Title: Concerns Rise Over Undermining of Parliamentary Processes in India
In a move that has raised concerns about the state of democracy in India, the country’s parliament is currently holding a special five-day session. This session has sparked worries of potential undermining of parliamentary processes by Prime Minister Narendra Modi’s government. The session, taking place in a newly inaugurated parliament building, is proceeding despite an opposition boycott.
The government released a “tentative list” of agenda items for the session, initially including five pieces of legislation. However, this number later increased to eight, leading to concerns about potential “surprise legislations” by the government. Of particular concern are two controversial pieces of legislation, one seeking tighter government control over the press, and the other concerning the Election Commission of India (ECI).
Fearing the erosion of democratic principles, opposition parties have formed an umbrella alliance called INDIA to fight for defending democracy. Among their suspicions is a possible name change of India to just Bharat, deemed an attempt to “decolonize” Indian minds and give dominance to the Hindi language.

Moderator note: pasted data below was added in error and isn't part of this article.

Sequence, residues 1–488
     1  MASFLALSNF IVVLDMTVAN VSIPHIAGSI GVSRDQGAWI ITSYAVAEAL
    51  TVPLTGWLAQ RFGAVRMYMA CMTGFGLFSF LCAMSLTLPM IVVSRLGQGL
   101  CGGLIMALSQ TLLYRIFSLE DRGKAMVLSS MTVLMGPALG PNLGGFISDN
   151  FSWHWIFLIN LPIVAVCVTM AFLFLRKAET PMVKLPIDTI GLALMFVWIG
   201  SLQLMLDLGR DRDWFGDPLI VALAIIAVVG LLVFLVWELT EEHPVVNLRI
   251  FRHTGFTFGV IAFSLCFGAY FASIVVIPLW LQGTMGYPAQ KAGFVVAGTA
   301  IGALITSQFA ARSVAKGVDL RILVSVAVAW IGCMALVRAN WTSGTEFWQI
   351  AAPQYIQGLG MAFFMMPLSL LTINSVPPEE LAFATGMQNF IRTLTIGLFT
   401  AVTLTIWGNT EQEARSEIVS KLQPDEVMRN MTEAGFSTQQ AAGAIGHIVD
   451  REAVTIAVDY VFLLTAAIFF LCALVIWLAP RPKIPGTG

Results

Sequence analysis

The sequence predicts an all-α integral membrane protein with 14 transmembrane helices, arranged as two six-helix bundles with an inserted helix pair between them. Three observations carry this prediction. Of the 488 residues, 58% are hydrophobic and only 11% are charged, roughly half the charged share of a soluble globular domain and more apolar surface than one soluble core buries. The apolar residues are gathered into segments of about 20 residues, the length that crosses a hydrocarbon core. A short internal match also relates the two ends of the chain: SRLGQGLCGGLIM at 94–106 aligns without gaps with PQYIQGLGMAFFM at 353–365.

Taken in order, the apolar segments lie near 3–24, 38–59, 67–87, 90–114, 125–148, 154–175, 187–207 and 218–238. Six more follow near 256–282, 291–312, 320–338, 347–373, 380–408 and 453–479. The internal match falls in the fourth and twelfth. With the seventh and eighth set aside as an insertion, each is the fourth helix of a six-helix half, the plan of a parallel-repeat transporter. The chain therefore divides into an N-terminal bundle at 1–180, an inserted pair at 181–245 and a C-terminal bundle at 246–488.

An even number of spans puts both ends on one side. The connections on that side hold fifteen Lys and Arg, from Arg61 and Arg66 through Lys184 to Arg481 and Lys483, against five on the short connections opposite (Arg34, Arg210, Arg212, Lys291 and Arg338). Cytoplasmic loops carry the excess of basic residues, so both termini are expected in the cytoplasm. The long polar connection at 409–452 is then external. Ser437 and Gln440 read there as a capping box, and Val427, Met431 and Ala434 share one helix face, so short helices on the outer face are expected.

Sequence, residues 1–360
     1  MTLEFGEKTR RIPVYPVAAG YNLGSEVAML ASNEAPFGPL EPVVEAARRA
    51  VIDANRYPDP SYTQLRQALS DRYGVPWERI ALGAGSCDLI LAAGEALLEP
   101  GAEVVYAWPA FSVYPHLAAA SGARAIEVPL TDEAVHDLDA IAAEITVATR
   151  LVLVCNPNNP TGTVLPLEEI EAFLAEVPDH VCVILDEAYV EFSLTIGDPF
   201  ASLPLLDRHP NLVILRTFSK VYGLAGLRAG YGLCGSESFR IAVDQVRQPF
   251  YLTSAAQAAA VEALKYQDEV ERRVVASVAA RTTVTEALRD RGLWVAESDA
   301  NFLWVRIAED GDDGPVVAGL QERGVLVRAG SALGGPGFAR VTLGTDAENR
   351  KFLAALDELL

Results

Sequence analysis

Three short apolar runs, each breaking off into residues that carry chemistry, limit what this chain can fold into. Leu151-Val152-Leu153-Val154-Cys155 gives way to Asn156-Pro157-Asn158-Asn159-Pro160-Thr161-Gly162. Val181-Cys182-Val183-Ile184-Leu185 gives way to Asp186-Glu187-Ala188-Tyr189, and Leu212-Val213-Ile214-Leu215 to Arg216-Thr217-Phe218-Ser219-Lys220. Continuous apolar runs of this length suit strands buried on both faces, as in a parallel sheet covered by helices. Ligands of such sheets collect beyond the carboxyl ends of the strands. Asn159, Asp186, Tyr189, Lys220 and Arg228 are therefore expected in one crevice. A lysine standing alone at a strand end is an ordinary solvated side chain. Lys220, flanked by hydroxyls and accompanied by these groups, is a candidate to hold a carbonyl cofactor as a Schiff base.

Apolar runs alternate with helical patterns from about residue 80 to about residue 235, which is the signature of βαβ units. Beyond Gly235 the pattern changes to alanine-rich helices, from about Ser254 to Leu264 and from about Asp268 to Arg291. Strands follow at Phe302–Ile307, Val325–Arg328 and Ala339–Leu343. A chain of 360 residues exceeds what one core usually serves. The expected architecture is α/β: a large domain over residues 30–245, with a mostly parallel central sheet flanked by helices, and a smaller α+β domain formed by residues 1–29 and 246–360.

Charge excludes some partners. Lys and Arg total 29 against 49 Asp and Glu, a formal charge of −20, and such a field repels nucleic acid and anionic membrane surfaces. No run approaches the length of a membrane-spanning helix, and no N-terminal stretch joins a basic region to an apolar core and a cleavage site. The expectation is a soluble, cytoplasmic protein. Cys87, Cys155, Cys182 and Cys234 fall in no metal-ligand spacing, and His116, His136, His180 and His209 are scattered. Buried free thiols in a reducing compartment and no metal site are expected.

Another contentious issue being raised is the government’s consideration of simultaneous elections at the federal, state, and local levels. The opposition argues that this move is undemocratic and a threat to federalism.
Critics argue that parliamentary sessions have become increasingly chaotic and unproductive, with protests and demonstrations by opposition MPs thwarting meaningful debate and consultation on crucial bills. The government has been accused of passing legislation without proper scrutiny and consultation, resulting in restrictions on free speech and an increase in state control over citizens.
The declining productivity and quality of parliamentary discussions are said to reflect the government’s disregard for democratic processes, according to experts. The controversy extends to the alleged undermining of India’s federal structure and fundamental rights, with several laws curtailing the powers of democratically elected governments, such as the one in Delhi.
In addition, the government has faced backlash for diluting the Right to Information Act and passing a controversial forest conservation amendment bill, against the protests of ecologists. Moreover, criminal law reform bills are raising concerns about potential consequences for civil liberties, human rights, and the justice system.
Adding to the ongoing tensions, the government has introduced a bill seeking to regulate newspapers, periodicals, and books. Critics argue that the proposed legislation is draconian and arbitrary, posing a threat to freedom of the press.
As the special session of India’s parliament takes place, these concerns over the erosion of democratic institutions continue to loom over the country. The ability to foster meaningful dialogue and protect citizens’ rights remains a pressing issue, raising questions about the future of democracy in India.
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